Recruitment in Manchester: 1914-15

Men wait to enlist in a wet Manchester (photo source)
Following  the declaration of war in August 1914, there was a great movement to encourage men to volunteer for military service across the country. The British Army available for deployment to Belgium in 1914 numbered only 82,000 men and they could not  hope to present a strong force against the much larger and more organised Germans. Lord Kitchener, the Secretary of State for War, led the drive for the voluntary recruitment of 600,000 men to form his New Army to supplement the pre-war professional soldiers of the British Expeditionary Force (BEF). At the time, approximately 1.7% of the British population lived in the city of Manchester (based on 1911 census statistics and national population data), so in a statistical sense, Manchester had to aim to recruit 10,200 volunteer soldiers.

Recruitment thermometer, Town Hall
Patriotic fervour soon swept the nation and dominated the press. In the first days men queued for hours to enlist, with Manchester men going to the Ardwick Artillery Barracks and Manchester Town Hall to volunteer. In Ardwick, the queue stretched out for a mile and the Town Hall became so overrun that the nearby Albert Hall also had to be set up as an enlistment station. On the outside walls of the Town Hall ‘recruitment thermometers’ were displayed to show the city's progress. The photo on the left shows the recruitment for 20th (5th City) Battalion of the Manchester Regiment, who achieved their aim of 1,070 men recruited from civilians in less than 48 hours. The poster next to it promises men that they can serve with their 'pals'. Spirits were high: no sense of the following five years of bloody stalemate was known and was much less communicated to the public.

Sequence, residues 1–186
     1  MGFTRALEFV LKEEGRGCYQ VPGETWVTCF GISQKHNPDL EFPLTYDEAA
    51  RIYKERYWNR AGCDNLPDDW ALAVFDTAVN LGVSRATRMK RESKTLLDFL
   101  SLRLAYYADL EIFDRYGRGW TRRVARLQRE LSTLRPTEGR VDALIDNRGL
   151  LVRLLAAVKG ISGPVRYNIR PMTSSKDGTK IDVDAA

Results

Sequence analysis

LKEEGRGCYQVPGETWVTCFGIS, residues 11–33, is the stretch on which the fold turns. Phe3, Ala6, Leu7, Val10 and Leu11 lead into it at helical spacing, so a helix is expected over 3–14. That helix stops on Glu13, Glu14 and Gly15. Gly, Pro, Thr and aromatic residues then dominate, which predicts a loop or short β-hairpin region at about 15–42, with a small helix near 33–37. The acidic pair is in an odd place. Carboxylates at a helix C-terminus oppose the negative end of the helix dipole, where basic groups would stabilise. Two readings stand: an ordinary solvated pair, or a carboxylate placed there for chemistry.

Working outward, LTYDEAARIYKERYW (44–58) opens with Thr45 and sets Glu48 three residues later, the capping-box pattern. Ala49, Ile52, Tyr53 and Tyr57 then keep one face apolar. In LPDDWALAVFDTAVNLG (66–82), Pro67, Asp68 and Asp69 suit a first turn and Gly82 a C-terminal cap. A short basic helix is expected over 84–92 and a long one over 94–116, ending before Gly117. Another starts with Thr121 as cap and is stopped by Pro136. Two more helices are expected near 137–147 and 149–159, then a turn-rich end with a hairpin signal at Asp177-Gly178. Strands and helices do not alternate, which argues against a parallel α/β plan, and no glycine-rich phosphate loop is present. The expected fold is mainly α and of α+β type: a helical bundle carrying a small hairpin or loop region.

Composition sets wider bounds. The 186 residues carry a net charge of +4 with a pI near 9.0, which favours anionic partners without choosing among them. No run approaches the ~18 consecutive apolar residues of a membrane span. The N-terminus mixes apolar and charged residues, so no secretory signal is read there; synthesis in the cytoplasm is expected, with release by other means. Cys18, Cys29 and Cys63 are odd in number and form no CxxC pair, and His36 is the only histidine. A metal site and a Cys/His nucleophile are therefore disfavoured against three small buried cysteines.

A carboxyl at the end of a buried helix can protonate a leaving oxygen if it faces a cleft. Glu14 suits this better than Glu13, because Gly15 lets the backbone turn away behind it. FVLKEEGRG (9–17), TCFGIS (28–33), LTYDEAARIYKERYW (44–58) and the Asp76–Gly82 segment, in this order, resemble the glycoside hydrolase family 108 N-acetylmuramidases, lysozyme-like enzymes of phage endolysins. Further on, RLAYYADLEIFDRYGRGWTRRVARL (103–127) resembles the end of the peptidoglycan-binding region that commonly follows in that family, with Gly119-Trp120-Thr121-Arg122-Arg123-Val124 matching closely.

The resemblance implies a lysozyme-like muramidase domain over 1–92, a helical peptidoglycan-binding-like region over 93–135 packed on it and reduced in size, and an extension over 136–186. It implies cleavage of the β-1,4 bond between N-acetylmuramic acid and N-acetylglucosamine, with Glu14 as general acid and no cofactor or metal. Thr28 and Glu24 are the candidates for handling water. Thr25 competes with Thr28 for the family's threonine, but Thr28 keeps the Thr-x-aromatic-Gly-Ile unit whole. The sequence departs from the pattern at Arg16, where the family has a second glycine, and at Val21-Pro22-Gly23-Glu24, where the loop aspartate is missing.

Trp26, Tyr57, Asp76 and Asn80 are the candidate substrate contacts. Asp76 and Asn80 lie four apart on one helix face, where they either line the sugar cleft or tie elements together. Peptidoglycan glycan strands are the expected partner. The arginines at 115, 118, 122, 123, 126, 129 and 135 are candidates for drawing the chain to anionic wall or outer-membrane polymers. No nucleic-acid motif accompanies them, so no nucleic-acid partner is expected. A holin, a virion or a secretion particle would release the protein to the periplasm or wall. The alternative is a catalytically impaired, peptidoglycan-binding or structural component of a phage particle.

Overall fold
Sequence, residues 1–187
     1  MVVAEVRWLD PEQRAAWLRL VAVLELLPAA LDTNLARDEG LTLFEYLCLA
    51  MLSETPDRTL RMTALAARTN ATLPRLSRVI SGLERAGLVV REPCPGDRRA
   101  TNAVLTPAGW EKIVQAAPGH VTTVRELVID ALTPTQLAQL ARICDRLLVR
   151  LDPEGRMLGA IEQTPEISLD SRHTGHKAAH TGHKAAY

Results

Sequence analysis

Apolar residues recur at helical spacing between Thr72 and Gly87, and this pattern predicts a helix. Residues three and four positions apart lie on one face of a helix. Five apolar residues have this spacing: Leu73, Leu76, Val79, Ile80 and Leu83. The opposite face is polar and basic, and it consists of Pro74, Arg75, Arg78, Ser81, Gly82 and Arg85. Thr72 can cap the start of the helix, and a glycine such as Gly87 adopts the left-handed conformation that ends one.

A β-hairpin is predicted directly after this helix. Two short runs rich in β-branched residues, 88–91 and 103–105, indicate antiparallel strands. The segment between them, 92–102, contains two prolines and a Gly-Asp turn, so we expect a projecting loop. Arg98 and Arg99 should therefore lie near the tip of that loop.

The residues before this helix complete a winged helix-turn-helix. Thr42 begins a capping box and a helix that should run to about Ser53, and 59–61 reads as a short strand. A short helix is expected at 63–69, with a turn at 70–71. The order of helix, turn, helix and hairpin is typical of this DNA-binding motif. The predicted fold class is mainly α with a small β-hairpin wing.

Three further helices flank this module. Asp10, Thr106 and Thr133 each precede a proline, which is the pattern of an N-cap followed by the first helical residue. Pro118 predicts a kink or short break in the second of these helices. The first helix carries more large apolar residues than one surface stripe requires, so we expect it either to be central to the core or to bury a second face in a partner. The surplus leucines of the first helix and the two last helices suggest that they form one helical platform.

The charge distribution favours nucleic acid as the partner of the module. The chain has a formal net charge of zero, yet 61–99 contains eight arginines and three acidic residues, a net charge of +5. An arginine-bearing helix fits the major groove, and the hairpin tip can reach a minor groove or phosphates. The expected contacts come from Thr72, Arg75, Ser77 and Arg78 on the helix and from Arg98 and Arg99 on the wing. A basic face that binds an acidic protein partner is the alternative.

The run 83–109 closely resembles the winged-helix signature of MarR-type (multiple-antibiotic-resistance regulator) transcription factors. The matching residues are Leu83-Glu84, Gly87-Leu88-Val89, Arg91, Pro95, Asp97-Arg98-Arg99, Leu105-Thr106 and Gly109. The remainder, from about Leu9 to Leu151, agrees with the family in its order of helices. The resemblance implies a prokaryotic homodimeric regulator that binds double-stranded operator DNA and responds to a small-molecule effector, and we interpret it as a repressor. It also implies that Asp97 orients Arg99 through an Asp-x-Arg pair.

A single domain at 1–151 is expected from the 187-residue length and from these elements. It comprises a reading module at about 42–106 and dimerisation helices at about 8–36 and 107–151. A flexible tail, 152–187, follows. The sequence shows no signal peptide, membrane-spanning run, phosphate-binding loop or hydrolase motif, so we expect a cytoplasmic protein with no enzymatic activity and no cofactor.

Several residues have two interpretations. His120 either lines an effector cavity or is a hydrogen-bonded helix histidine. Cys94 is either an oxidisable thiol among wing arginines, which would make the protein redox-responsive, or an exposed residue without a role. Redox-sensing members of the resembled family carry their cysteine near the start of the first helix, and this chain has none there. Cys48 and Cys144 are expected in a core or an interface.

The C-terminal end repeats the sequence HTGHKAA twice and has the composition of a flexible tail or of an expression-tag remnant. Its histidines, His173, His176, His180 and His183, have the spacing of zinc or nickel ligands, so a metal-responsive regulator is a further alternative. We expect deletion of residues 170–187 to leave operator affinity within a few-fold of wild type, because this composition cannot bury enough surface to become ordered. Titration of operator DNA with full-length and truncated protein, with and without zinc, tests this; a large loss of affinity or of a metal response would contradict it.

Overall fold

G. L. Jessop making recruitment speech in Manchester, WW1 - stock photo
GL Jessop in Albert Square (photo source)
Many men, particularly young groups of friends, had been keen to enlist both on the basis of 'doing their "bit" for King and country' and as it was seen to be an exciting adventure. However, others were more reluctant, understandably not wanting to leave behind the relative safety of the city. In order to encourage men to enlist and to inspire patriotism in the population, recruitment rallies were held. These continued after the immediate wave of recruitment after the Autumn of 1914, with one such meeting being led by the legendary Gloucestershire cricketer Gilbert L Jessop in Albert Square, outside the Town Hall, in April 1915 (see photo, right). Although he had retired from sport, he served as a Captain in the Manchester Regiment and the army utilised his fame to promote recruitment before he saw active service. Such rallies were often crowded and gave a lot of the impetus into the recruitment drives.

The King Street District Bank Roll of Honour (photo source)
For many men, particularly those who were young and unmarried, the pressure to enlist came from many directions. In addition to the recruitment drives and rallies, posters were appearing all over the city. Men were ‘expected’ to enlist and to ‘play their part’ for the nation. For many, pressure also came from employers who sent their workers enlist together, honouring those who did on a Roll of Honour. The Co-operative and the District Bank (now part of RBS, see above photo) were among employers to take part. Many of these men would have been office clerks, who were among the white collar workers targeted in Kitchener's recruitment drive. It was believed that these lower middle class men would perform well in the discipline and rigour of the army. It was also easier for their jobs to be taken over by older men, unsuitable for military service, and even women later in the war.